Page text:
Frequently Asked Questions About Genetic Counseling
What are genetic professionals and what do they do?
Genetics professionals are health care professionals with specialized degrees
and experience in medical genetics and counseling. Genetics professionals include
geneticists, genetic counselors and genetics nurses.
What is genetic counseling and evaluation?
Genetic professionals work as members of health care teams providing information
and support to individuals or families who have genetic disorders or may be
at risk for inherited conditions. Genetic professionals:
- Assess the risk of a genetic disorder by researching a family's history
and evaluating medical records.
- Weigh the medical, social and ethical decisions surrounding genetic testing.
- Provide support and information to help a person make a decision about testing.
- Interpret the results of genetic tests and medical data.
- Provide counseling or refer individuals and families to support services.
- Serve as patient advocates.
- Explain possible treatments or preventive measures.
- Discuss reproductive options.
How do I find a genetic professional?
Your health care provider may refer you to a genetic professional. Universities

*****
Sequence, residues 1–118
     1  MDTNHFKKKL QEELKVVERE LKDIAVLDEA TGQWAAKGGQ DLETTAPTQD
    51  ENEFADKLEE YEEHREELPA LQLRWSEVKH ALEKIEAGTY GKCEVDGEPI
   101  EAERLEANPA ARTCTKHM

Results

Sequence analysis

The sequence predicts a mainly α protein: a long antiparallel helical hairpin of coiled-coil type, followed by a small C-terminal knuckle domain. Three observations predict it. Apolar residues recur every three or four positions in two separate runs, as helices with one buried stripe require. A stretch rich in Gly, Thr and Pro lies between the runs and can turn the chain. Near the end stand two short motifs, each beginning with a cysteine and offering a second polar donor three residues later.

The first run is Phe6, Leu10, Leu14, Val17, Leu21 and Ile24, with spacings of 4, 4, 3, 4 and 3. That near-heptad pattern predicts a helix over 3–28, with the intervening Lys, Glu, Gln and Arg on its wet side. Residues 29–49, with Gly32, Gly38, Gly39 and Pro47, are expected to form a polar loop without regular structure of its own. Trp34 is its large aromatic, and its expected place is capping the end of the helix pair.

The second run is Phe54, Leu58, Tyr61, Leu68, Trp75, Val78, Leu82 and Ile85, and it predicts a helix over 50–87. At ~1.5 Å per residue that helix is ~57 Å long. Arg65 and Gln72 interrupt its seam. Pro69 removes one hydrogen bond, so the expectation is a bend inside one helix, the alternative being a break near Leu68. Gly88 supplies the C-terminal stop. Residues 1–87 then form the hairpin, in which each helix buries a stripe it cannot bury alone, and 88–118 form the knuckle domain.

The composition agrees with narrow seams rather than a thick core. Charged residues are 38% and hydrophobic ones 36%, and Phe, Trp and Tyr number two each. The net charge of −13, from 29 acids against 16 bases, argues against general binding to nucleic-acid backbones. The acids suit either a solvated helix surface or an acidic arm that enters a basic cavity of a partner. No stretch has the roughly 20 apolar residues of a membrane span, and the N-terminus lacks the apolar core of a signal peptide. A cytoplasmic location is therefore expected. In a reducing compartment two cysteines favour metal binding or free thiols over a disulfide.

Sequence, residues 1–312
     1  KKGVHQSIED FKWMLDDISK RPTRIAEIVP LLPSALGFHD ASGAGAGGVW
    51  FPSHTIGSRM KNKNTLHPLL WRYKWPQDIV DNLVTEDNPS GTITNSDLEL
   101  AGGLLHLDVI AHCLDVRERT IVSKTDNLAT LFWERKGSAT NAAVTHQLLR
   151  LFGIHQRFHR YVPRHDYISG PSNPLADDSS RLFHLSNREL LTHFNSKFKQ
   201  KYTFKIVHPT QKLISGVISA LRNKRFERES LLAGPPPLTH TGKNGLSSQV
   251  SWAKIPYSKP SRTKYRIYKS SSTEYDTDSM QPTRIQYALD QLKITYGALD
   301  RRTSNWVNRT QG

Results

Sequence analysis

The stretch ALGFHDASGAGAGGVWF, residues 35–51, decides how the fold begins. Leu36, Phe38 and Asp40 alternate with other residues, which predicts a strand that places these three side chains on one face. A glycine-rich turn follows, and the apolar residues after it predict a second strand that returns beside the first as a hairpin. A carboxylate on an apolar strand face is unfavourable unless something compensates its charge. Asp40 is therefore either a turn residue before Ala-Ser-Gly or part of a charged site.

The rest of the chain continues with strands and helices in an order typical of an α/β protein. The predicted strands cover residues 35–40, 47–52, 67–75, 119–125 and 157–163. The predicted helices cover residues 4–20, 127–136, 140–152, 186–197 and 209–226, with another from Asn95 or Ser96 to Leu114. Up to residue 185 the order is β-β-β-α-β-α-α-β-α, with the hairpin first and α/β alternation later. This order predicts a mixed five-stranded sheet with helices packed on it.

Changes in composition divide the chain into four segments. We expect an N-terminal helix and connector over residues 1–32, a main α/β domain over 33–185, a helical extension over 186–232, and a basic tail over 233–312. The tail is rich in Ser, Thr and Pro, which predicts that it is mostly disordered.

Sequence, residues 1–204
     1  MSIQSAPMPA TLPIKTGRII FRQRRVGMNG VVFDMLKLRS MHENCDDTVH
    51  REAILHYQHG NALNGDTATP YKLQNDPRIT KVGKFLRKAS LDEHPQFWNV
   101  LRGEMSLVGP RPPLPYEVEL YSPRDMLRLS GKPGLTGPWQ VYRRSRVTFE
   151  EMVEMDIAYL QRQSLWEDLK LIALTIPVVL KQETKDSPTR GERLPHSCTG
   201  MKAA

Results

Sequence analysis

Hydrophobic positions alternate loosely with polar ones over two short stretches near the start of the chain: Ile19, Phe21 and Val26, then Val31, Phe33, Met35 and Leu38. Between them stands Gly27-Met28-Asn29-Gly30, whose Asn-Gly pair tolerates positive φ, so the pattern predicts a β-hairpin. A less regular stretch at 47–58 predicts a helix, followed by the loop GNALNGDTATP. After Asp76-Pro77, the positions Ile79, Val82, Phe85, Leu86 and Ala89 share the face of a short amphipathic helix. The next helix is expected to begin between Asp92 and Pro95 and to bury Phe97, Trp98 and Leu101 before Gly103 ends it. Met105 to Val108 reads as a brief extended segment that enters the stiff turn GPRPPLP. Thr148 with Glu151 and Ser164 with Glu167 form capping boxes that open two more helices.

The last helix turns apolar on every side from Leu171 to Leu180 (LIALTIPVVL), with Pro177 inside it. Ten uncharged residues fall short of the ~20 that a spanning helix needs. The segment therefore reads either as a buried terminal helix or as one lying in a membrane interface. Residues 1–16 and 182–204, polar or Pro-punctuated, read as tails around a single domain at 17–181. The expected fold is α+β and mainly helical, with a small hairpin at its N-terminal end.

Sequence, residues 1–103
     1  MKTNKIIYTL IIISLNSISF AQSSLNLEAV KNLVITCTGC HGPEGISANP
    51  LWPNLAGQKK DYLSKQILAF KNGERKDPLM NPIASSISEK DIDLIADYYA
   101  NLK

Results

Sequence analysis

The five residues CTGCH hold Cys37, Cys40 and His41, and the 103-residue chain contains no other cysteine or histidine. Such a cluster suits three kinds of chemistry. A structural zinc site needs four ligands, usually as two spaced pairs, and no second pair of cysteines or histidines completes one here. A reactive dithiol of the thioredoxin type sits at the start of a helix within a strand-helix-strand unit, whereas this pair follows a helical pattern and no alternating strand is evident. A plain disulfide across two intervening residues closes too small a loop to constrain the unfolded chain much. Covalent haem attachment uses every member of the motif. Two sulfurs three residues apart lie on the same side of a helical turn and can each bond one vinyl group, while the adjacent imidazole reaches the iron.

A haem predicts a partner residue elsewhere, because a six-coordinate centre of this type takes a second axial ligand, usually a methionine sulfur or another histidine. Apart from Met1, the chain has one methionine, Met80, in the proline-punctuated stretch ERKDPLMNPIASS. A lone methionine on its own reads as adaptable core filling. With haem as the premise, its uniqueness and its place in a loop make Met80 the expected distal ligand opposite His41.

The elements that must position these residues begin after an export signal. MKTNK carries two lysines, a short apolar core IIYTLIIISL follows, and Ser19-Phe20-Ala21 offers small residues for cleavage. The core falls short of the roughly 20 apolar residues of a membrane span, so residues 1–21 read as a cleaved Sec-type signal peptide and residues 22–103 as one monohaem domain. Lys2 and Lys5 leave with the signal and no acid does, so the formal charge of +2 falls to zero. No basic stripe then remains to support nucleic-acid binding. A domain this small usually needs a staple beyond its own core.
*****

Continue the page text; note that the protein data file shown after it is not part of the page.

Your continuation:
and medical centers also often have affiliated genetic professionals, or can
provide referrals to a genetic professional or genetics clinic.
As more has been learned about genetics, genetic professionals have grown more
specialized. For example, they may specialize in a particular disease (such
as cancer genetics), an age group (such as adolescents) or a type of counseling
(such as prenatal).
How do I decide whether I need to see a geneticist or other specialist?
Your health care provider may refer you to a geneticist - a medical doctor
or medical researcher - who specializes in your disease or disorder. A medical
geneticist has completed a fellowship or has other advanced training in medical
genetics. While a genetic counselor or genetic nurse may help you with testing
decisions and support issues, a medical geneticist will make the actual diagnosis
of a disease or condition. Many genetic diseases are so rare that only a geneticist
can provide the most complete and current information about your condition.
Along with a medical geneticist, you may also be referred to a physician who
is a specialist in the type of disorder you have. For example, if a genetic
test is positive for colon cancer, you might be referred to an oncologist. For
a diagnosis of Huntington disease, you may be referred to a neurologist.
These online resources can help you find a genetic professional in your community:
- ResourceLink [nsgc.org]
A database of genetics counseling services, searchable
by location, name, institution, type of practice or specialty. Hosted by the
National Society of Genetic Counselors.
- Genetic Centers, Clinics and Departments [kumc.edu]
A comprehensive resource
list for genetic counseling, including links to genetic centers and clinics,
associations, and university genetics departments. Hosted by the University
of Kansas Medical Center.
- GeneClinics [geneclinics.org]
A searchable directory of international genetics
and prenatal diagnosis clinics.
Last Reviewed: March 28, 2008